Rather than focusing on all the security advantages of the freedombox, emphasize its NON-security features. For example don’t advertise the idea as a personal security initiative (freedom from oppression), instead advertise it as a personal cloud initiative (freedom from
          cost/frustration). THEN build in all the security stuff you would have anyway. Tell people that’s all there to guarantee the security of their cloud data. People love the idea of the cloud right now, and arguably a bunch of freedomboxes working together would fit under that umbrella.

          I like that strategy and I’ll mention another that I think could succeed and complement that one — to meet the needs of and promote to niche segments. For example, maybe create a version great for college students, or just tech-y types, or for lawyers, or for people in high density areas, etc. If something works for that group and it sticks, it forms a basis for crossing the chasm — http://en.wikipedia.org/wiki/Crossing_the_chasm — to other markets and the mainstream.

          • Looks like they’re updating regularly. http://anonscm.debian.org/gitweb/?p=freedombox/freedom-maker.git;a=summary

            If I’m reading the dream-sheet correctly it seems like the project isn’t so much A freedombox for anyone as it is THE freedombox network for everyone. Like, the goal is to go above and beyond the (even free) home server software that’s already available by creating an alternative distributed internet that rides on the same wires the centralized internet uses. So no data has to be stored on the big servers and, if they’re turned off, the existing wires can still be used by all the little servers.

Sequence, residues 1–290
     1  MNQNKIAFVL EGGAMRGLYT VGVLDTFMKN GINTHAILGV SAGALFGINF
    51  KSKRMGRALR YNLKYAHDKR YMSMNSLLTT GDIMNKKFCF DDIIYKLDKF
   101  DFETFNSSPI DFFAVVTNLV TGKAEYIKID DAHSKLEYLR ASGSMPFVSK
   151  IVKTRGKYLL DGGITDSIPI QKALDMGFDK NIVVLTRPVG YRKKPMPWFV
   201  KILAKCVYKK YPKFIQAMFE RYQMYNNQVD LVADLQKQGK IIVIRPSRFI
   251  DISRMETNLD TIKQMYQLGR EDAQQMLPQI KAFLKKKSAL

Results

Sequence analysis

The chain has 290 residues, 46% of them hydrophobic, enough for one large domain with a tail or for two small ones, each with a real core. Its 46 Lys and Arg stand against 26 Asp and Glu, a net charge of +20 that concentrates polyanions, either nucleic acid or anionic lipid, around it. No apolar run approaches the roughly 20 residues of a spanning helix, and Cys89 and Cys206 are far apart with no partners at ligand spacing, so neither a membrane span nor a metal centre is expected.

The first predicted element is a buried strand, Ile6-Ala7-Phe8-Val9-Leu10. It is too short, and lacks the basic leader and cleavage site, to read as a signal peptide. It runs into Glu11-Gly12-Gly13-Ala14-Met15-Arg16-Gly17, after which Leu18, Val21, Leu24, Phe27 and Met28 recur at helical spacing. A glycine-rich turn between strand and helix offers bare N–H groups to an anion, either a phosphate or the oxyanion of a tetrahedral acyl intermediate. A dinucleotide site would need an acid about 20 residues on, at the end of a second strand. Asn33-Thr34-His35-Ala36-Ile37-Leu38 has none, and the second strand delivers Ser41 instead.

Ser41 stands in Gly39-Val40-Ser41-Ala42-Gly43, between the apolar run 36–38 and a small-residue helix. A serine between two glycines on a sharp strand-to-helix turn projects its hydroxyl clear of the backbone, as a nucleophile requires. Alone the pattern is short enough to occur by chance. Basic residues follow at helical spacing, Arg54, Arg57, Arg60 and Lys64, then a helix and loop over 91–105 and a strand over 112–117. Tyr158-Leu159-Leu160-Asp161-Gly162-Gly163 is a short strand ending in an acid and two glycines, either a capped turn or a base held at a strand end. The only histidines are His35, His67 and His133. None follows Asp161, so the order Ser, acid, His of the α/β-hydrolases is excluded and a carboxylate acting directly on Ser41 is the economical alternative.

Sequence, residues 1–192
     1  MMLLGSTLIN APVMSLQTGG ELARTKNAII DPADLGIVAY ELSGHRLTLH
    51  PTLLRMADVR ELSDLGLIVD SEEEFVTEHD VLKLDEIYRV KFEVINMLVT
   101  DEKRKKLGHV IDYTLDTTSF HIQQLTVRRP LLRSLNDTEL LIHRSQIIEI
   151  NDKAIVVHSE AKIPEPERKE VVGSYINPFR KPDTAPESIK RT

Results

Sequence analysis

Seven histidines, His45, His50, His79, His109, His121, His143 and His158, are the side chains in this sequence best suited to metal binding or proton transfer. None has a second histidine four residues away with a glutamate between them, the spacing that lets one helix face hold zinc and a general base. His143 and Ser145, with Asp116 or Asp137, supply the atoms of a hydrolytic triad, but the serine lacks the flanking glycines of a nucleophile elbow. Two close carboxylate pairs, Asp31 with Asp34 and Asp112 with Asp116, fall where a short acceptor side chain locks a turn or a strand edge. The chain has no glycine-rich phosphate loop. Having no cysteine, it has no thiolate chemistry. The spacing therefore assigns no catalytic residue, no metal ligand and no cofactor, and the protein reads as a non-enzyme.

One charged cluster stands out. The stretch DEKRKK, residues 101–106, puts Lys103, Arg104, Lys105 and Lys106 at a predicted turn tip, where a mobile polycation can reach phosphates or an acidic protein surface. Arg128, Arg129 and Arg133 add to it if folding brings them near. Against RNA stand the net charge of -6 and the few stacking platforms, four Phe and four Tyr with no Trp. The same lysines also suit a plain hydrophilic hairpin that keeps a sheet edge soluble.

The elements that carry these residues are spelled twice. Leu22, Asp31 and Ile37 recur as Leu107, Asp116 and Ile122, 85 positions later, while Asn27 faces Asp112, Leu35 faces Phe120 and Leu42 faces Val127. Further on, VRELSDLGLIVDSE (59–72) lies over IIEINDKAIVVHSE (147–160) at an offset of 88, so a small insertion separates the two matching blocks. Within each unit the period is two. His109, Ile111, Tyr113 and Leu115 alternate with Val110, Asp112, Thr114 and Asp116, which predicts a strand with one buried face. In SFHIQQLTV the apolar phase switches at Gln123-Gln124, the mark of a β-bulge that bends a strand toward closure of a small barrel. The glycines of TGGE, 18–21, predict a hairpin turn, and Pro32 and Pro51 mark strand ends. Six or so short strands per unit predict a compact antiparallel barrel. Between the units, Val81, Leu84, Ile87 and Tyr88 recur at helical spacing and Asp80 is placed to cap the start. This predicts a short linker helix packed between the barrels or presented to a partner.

If so, then that’s another thing they should focus on besides the anti-oppression angle. The idea that some version of the internet would survive even a total shutdown of the backbone is pretty cool. Analogous to the idea that if everyone had an electric car those batteries would provide power to the grid, turning a blackout into a brownout.

          • I love the project on so many levels. I just want to find ways to contribute and help bring Freedomboxes to common use.

          • Exactly 🙂 rebelling against an oppressive state is not a common use. To make it available for that uncommon use we have to show people how it’s a good idea to use it for all the things they already do.